“What the world needs most is people who are less bound by prejudice. It needs more love, more generosity, more mercy, more openness. The root of human problems is not a lack of resources but comes from the misunderstanding, fear, and separateness that can be found in the hearts of people.” -Jack Kornfield
In the previous post, I began a consideration of how meditation practice might contribute to the very qualities described above by Kornfield. I suggested that humans have two default reactions to calamity: they either freeze in shock or subsequently become lulled into a trance, neither of which supports optimal discernment or engagement. And one tactic for stepping off the shock and trance pendulum might be found in a specific aspect of mindfulness meditation.
In a sense, mindfulness practice both imparts and strengthens a kind of tolerance to the very sorts of things that might push one towards a shocked or entranced position. While practicing mindfulness, within the laboratory of meditative investigation, one comes to observe the direct impact of experience that is difficult to be with (dukkha) and also the conditioned reactions that animate one’s behavior in response to that difficulty (dukkha), namely tanha — literally ‘craving’ or ‘thirsting’ for something else. The result of greater tolerance towards these reactive habits is an emergent capacity for non-reactivity. And while non-reactivity often bestows a more pleasant mental disposition, I would argue that non-reactivity is not an endpoint, per se, but rather a requisite starting point from which wise responsiveness develops.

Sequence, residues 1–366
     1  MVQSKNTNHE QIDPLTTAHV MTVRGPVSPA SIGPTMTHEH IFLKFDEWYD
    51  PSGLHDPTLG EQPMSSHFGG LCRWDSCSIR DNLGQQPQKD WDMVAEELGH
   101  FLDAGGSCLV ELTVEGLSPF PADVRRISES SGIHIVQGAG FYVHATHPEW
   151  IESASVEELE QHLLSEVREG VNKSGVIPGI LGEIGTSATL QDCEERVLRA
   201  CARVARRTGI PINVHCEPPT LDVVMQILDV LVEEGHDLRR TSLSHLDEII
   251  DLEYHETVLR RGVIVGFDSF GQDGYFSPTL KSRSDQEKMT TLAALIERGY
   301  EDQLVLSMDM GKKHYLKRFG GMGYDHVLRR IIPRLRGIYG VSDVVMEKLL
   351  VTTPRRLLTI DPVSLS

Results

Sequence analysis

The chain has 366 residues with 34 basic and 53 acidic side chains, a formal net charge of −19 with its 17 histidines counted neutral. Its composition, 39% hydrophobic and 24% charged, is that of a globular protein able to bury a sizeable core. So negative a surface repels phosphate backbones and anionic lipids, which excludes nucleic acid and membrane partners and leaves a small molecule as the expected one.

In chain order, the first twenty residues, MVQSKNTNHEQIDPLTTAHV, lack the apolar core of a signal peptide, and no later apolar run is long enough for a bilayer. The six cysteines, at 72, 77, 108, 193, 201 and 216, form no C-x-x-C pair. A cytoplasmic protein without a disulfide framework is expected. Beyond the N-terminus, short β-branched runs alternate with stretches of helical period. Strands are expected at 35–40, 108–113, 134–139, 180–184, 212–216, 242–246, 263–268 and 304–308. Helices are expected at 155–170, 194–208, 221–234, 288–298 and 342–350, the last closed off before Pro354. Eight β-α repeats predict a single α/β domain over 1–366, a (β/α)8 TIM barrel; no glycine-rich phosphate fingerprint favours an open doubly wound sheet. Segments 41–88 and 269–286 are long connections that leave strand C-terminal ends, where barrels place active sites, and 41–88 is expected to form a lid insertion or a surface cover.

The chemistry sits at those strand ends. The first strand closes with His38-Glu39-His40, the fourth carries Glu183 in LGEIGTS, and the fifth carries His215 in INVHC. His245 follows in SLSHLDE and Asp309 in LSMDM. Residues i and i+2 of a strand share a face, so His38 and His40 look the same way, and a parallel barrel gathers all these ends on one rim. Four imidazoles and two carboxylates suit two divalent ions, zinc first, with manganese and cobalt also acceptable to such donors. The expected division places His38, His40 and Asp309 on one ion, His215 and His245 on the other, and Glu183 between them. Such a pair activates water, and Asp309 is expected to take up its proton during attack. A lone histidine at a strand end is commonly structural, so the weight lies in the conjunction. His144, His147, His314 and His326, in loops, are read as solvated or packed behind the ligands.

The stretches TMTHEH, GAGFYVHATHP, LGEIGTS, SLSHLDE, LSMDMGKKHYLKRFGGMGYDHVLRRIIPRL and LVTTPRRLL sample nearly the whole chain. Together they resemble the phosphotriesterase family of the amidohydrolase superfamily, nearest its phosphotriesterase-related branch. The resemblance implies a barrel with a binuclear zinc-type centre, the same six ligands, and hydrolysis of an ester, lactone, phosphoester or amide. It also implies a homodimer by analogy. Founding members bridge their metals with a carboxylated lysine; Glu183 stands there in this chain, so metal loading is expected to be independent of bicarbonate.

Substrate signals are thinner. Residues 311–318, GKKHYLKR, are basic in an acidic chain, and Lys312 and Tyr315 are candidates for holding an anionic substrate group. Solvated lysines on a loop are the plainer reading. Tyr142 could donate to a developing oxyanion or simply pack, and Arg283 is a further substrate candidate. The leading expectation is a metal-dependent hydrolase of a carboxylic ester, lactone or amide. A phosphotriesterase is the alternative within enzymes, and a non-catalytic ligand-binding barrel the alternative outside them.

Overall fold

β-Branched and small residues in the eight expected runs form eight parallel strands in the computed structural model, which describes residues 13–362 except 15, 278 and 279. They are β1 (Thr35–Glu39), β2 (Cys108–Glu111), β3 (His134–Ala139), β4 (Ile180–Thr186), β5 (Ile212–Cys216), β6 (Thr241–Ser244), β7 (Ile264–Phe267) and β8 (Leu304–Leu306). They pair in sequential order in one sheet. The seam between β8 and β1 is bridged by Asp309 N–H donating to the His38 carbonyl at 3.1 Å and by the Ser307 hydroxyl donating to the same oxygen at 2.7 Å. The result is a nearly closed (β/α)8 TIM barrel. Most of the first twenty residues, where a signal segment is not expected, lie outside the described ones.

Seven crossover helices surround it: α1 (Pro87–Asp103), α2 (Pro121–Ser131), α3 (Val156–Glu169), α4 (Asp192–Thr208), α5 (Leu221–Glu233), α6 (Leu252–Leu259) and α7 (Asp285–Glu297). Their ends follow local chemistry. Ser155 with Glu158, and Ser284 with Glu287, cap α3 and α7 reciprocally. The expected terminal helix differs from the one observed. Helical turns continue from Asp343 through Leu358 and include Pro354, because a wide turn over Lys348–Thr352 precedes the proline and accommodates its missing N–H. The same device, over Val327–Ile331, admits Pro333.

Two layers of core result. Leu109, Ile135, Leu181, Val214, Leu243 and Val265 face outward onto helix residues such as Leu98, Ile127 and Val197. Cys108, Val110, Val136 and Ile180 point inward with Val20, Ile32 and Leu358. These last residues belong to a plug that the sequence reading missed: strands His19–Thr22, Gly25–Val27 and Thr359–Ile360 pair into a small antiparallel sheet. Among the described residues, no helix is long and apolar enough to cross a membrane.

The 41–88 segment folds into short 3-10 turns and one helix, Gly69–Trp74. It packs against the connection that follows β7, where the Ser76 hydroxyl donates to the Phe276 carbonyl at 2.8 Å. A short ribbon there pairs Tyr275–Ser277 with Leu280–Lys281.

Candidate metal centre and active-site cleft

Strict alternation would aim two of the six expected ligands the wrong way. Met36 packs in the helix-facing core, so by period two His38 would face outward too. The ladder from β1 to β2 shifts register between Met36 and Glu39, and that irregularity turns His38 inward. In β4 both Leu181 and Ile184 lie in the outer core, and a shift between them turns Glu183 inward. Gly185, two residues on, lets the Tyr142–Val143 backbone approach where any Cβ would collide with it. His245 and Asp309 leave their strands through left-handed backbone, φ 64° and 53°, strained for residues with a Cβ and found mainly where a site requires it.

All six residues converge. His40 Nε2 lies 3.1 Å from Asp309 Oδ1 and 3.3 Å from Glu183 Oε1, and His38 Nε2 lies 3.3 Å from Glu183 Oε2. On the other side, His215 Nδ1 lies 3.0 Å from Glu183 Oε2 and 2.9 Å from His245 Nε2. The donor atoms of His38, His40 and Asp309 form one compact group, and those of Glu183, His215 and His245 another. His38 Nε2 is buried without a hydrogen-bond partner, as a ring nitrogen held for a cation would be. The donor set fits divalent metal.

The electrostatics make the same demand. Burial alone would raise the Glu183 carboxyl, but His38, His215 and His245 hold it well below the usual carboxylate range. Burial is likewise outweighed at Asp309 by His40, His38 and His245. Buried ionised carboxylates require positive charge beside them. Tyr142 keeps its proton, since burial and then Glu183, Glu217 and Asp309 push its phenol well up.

So let me try to connect some theoretical dots here.
When looking at the links between mindfulness, non-reactivity and wise responsiveness, a crucial part of this connection, I believe, is metacognition. That’s a rather clunky word that refers to the ability to think about one’s own thinking, to listen in on one’s own thought process. Another term for metacognition might be self-awareness.
Here’s why this is important.
In the 2013 Atlantic article, Why Can’t We All Just Get Along, Robert Wright examines the biological, perceptual and societal forces that fuel human conflict. After considering all these influences, Wright concludes that self-awareness and metacognition are both ‘crucial’ for overcoming perceptual biases in individuals and societies:
“So maybe the first step toward salvation is to become more self-aware. Greene certainly thinks more self-awareness would help. In addition to singing the praises of his global metamorality, he encourages the cultivation of “a kind of meta-cognitive skill.” This would depend on “understanding how our minds work” and could help us “decide more wisely”—presumably not just by showing us the transcendent virtue of utilitarianism, but by making us aware of the biases that routinely afflict judgment. But I think he fails to recognize just how crucial thoroughgoing metacognition is to the whole project—and how much good it alone would do, with or without a global moral philosophy.
Which leads to a question: Um, how exactly do you do metacognition? Well, you could start by pondering all the evidence that your brain is an embarrassingly misleading device. Self-doubt can be the first step to moral improvement. But our biases are so subtle, alluring, and persistent that converting a wave of doubt into enduring wisdom takes work. The most-impressive cases of bias neutralization I’m aware of involve people who have spent ungodly amounts of time—several hours a day for many years—in meditative practices that make them more aware of the workings of their minds. These people seem much less emotion-driven, much less wrapped up in themselves, and much less judgmental than, say, I am. (And brain scans of these highly adept meditators have found low levels of activity in brain networks associated with self-regarding thought.)”